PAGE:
Some trademarks are the same everywhere: Pizza Hut® is Pizza Hut from Armenia to Vietnam. (Seriously disappointed there’s no Pizza Hut in Zambia.)
But, sometimes, the trademark used for a product changes depending on where it’s sold. There are a variety of reasons for this decision:
- There’s already a product using the usual trademark;
- The product name has negative connotations in the new market;
- The company selling the product wants to make it feel more local and familiar;
- The wholesale prices vary by market and the company wants to make it harder to sell across borders.
Proctor & Gamble’s MR. CLEAN® travels under many names for most of those reasons.
He’s MR. PROPER in most of Europe. That trademark was registered in the European Union Intellectual Property Office in 1998. “Proper” is an approximation of “clean” in French (“propre”) and Luxembourgish (“propper”).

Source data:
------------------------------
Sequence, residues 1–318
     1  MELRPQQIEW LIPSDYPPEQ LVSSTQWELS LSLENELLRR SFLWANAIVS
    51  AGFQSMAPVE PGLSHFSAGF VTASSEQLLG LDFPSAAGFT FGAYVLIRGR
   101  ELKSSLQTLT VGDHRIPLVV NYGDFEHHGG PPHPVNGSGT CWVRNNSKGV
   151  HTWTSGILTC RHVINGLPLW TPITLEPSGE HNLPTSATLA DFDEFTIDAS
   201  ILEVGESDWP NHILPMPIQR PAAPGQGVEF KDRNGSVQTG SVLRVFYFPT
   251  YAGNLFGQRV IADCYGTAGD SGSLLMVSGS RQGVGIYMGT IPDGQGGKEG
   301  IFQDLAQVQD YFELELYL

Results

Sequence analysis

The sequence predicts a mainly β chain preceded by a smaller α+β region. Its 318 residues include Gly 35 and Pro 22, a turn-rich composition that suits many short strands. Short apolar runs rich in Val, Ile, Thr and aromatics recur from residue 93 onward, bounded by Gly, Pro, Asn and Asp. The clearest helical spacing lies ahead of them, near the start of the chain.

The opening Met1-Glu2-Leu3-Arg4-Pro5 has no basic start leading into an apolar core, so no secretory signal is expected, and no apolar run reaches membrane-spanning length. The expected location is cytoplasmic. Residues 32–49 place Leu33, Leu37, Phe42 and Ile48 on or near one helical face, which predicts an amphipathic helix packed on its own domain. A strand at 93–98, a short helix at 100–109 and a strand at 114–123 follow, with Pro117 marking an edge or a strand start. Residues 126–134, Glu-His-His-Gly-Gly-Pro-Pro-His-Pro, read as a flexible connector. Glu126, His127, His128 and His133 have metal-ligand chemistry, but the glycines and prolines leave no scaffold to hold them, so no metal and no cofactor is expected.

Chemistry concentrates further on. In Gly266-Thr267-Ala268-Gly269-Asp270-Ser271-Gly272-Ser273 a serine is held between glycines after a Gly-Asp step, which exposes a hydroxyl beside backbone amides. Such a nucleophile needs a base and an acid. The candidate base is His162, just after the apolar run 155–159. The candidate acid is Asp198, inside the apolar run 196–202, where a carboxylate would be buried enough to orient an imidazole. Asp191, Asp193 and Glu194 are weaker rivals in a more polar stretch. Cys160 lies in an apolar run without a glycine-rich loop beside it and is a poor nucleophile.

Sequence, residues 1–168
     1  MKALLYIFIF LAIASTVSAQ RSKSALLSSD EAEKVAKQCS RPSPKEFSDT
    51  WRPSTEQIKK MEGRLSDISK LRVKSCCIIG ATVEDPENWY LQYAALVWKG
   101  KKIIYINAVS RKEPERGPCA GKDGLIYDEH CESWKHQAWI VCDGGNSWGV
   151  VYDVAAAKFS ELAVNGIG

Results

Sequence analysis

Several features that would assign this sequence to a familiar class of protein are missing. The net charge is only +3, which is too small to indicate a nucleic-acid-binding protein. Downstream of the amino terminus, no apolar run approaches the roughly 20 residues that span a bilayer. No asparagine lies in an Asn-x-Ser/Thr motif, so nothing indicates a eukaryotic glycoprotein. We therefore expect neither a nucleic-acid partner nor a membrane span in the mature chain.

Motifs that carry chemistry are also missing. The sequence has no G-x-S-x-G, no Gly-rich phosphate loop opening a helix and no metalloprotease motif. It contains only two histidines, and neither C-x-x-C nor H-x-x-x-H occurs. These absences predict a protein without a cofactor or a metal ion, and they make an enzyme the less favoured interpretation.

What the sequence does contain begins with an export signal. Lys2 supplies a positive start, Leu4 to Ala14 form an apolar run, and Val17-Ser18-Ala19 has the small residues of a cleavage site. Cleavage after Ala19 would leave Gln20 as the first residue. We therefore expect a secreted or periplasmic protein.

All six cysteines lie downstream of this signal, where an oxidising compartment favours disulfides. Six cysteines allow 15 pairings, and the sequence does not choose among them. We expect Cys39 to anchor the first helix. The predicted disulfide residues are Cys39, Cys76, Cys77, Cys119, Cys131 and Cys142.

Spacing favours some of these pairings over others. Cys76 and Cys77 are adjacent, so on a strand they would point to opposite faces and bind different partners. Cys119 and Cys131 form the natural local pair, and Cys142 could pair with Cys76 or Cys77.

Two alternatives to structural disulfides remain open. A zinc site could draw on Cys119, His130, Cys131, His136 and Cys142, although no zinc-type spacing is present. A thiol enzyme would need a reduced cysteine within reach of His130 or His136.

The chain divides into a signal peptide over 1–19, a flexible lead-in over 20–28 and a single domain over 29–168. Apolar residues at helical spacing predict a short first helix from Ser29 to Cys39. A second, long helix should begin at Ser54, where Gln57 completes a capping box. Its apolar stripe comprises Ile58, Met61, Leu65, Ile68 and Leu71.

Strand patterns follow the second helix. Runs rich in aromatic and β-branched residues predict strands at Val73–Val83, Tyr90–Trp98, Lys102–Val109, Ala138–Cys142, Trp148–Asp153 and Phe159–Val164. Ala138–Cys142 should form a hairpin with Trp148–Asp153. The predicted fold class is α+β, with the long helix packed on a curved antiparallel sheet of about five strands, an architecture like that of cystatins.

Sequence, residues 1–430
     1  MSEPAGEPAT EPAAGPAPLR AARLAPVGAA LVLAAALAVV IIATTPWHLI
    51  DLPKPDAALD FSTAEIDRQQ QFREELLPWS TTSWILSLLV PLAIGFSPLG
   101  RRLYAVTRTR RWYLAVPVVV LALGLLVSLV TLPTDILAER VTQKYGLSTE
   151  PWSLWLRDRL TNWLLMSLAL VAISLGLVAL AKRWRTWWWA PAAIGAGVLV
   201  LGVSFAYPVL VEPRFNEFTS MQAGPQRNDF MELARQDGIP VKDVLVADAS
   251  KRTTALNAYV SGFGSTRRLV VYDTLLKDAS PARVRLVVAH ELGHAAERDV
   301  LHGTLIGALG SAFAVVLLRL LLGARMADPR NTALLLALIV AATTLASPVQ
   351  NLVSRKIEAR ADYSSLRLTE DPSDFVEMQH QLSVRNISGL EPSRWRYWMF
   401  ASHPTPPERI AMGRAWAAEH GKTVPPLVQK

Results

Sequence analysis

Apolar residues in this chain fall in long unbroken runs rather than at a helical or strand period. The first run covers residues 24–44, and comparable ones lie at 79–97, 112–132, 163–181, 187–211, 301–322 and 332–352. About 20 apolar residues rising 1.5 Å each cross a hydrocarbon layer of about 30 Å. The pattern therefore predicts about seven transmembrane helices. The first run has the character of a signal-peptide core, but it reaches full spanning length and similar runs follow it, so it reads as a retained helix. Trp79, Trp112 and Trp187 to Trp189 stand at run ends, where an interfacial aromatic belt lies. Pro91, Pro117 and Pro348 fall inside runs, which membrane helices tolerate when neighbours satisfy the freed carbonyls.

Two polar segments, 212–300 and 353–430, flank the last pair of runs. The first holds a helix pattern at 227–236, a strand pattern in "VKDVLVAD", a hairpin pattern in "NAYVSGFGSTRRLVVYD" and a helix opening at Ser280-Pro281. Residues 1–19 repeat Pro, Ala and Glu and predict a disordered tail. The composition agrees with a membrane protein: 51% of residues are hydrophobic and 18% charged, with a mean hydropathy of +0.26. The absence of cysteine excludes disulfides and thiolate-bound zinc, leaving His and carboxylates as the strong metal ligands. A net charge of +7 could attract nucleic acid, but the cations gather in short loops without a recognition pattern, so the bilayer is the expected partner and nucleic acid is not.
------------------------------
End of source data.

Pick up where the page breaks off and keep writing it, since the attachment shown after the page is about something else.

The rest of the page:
When in Germany, Mr. Clean snaps his fingers and becomes MEISTER PROPER.
He’s DON LIMPIO in Spain (after an earlier introduction as Mr. Proper). In Mexico, he has gone by MAESTRO LIMPIO since 1981, when he was first registered with the Instituto Mexicano de la Propiedad Industrial.
When in Rome, he becomes MASTRO LINDO. His appearance under that name dates back to 1998 in the Ufficio Italiano Brevetti e Marchi.
The same product is sold as FLASH® in the U.K. I presume that’s because there was already a product called MR. CLEEN, a cleaning and polishing preparation sold by Reckitt Benckiser. Or maybe Mr. Clean just wearied of the banal translations and wanted to reinvent himself.
Thanks to Max F. for opening this can of worms by sending me the photo of Mr. Proper (that’s his thumb in the photo) and also for the suggestion to use the phrase “International Man of Mystery.”